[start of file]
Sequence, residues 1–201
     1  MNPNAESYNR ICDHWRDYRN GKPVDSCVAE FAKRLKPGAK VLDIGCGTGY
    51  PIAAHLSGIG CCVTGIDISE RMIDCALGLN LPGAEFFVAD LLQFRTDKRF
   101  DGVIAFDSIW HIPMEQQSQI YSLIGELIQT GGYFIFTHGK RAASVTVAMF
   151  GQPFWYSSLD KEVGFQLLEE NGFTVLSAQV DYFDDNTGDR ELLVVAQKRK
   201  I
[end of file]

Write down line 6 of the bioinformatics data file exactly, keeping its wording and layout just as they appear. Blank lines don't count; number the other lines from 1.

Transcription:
   201  I